Conditions & Services

Radiofrequency Ablation

RFA or Radiofrequency Ablation is sometimes used to treat severe chronic pain in the low back (lumbar) and neck (cervical) regions of the spine. Radiofrequency waves are used to produce heat on specifically identified sensory nerves surrounding the facet joints on either side of the lumbar or cervical spine. By generating heat on specifically identified sensory nerves, its ability to transmit pain signals to the brain is disrupted. An intravenous line may be inserted to administer a mild sedative. RFA is a minimally invasive procedure which is usually done in a day surgery clinic and the patient is sent home shortly after completion of the procedure. Patients can experience pain relief for six to 24 months following RFA. This procedure can be repeated if necessary.

Transforaminal Epidural Steroid Injection

A transforaminal injection is a long acting steroid delivered into a nerve root exit in the spine known as a foramen. The injection helps to reduce inflammation and swelling in the spinal cord nerve roots and relieves pain and numbness. A transforaminal injection consists of a small dosage of steroid medication mixed with saline and local anesthesia. The anesthesia numbs the area so the injection often feels like just pinching and pressure.

Immediate pain relief is found because of the injection of anesthesia, but this wears off quickly. Effective relief is usually noticeable by the third day after the injection and can last for several months. This treatment is most successful for patients with pain that radiates through the arms or legs rather than just back or neck pain.

Trial for Spinal Cord Stimulator

A spinal cord stimulator is an electronic device that is implanted in the body to help relieve chronic pain. Also known as a dorsal column stimulator, the device sends low electrical currents through wires placed near the spinal cord, allowing patients to control when pain relief is offered.

The device does not cure chronic pain, but usually provides a 50% or greater decrease in pain and allows patients to be more active and require less pain medication. This procedure is usually considered when other solutions, such as surgery, injections and medications, have failed. Before implantation, patients will often be asked to go through a trial period with an external device. The trial will test patients’ pain levels and see if they improve with the help of the device.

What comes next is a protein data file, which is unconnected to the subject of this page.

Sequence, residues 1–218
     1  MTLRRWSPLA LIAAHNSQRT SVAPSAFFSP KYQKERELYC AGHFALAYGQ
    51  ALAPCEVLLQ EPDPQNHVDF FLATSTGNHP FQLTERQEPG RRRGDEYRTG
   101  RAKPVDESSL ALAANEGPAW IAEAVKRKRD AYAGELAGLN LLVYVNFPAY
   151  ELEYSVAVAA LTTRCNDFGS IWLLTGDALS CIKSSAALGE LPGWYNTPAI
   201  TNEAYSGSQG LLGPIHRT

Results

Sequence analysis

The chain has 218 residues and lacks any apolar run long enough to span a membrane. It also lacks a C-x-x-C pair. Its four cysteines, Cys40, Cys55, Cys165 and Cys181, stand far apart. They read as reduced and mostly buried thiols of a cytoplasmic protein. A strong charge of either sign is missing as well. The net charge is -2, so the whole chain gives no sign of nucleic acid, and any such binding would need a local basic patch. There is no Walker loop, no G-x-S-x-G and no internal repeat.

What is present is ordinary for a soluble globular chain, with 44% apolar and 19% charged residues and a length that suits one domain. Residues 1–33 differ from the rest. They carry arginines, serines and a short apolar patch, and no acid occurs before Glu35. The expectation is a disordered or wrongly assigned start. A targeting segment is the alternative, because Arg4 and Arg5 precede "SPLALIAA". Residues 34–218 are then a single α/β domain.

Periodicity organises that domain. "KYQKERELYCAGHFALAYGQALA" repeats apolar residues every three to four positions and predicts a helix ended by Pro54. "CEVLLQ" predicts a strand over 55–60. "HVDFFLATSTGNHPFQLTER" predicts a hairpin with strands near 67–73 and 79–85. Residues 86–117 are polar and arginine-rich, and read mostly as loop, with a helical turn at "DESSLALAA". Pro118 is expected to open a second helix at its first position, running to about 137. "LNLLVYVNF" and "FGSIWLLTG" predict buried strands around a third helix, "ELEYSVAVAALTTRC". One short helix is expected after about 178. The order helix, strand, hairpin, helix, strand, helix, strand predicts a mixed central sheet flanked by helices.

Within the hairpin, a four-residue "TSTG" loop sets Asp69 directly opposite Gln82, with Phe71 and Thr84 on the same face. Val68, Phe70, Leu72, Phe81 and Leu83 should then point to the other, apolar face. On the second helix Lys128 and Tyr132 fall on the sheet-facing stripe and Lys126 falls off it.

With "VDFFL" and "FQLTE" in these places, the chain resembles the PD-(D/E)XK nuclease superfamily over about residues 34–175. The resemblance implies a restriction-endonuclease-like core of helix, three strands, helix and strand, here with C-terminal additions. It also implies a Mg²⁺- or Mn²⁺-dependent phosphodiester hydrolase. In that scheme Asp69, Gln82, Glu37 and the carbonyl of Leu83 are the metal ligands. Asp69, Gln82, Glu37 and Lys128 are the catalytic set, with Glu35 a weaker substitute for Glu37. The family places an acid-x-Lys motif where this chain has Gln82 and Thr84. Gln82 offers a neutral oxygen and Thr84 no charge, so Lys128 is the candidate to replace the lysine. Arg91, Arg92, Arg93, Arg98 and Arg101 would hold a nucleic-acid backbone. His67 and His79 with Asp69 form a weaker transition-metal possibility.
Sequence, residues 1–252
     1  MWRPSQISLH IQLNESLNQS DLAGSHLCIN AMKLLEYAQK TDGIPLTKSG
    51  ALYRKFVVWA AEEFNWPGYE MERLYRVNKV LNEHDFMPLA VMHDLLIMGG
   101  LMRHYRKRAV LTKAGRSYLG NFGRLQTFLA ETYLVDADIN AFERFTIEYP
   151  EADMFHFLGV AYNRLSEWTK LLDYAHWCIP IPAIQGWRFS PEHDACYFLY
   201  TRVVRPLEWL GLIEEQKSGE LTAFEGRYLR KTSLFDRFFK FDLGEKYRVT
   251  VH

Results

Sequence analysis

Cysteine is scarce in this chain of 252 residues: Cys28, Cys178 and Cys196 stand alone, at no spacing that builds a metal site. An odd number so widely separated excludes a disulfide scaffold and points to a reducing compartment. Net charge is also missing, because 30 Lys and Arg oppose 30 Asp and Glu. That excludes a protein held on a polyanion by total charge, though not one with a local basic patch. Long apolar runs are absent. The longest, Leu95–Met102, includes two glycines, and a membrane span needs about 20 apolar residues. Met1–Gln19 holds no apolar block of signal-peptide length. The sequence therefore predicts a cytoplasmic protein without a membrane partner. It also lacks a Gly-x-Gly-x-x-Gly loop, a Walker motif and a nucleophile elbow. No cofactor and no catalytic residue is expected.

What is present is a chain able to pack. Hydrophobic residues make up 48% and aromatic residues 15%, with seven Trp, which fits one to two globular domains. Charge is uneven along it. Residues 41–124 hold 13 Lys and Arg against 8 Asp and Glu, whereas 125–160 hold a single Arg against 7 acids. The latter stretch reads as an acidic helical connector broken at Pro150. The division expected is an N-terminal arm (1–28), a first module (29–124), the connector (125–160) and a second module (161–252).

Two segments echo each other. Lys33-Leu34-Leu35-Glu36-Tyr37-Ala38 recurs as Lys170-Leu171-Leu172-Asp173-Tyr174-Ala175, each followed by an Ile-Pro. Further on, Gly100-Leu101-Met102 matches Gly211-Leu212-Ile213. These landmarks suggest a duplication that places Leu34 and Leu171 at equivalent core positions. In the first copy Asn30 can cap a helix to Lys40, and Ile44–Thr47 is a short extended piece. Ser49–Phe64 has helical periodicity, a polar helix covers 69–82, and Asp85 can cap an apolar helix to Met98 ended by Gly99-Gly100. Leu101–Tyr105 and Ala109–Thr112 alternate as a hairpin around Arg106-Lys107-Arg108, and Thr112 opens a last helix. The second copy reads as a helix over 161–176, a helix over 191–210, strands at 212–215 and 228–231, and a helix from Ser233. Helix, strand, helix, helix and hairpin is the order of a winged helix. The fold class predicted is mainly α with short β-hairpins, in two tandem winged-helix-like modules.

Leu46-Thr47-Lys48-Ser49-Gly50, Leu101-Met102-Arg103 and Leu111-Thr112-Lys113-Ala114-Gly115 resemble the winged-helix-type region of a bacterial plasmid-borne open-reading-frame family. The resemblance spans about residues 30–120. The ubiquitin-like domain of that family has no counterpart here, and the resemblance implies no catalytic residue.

During the implantation of the permanent device, wires are fed with a needle and positioned on the spinal cord. Placement of the device is dependent on the site of the pain. The device can be removed if necessary. The battery of the device must be replaced every 2 to 5 years. Proper care following the procedure is required and includes limiting movement and avoiding driving for the first few weeks.

Vertebral Augmentation

Kyphoplasty

Kyphoplasty is a minimally-invasive procedure to relieve pain from vertebral compression fractures, affecting the bones from which the spinal column is comprised. This procedure is usually performed on patients whose vertebral fractures have occurred as a result of osteoporosis. For best results, kyphoplasty should be performed within two months of the fracture’s occurrence.

Kyphoplasty is performed as an outpatient procedure under sedation, although general anesthesia may also be used; therefore, you will need a friend or relative to drive you home afterward. You will be lying facedown for the duration of the procedure, which lasts around an hour. Once the sedative and/or general anesthesia has taken effect, the skin surrounding your spine will be sterilized and shaved, and a tiny cut will be made in the area. With x-ray assistance, an empty needle known as a trocar will be inserted into the spine until its tip is positioned evenly with the fractured vertebra. A balloon is then inserted though the needle and inflated, reverting the bone to its original shape and creating a cavity. The balloon is then removed and orthopedic cement is injected into the area, filling the cavity. Finally, the trocar is removed, pressure is applied to stop bleeding, and a bandage is placed around the skin.

Vertebroplasty

Vertebroplasty is a minimally invasive procedure used to treat vertebral compression fractures (VCF), which are fractures of the vertebra that commonly occur as a result of osteoporosis, spinal tumors or injury, and can cause severe pain and limited mobility. They can also lead to abnormal spine curvature and increase a patient’s risk for serious spinal complications.

In many cases, vertebral fractures can be treated through conservative methods such as bed rest, a back brace or pain medication. However, patients with osteoporosis or whose fractures have caused severe, long-term pain may benefit from a minimally invasive procedure such as vertebroplasty to relieve symptoms. This procedure is also recommended for patients who are too weak to undergo spinal surgery, or have a malignant tumor within the spine that has caused vertebral damage. Vertebroplasty is most effective when performed on fractures that are less than six months old.

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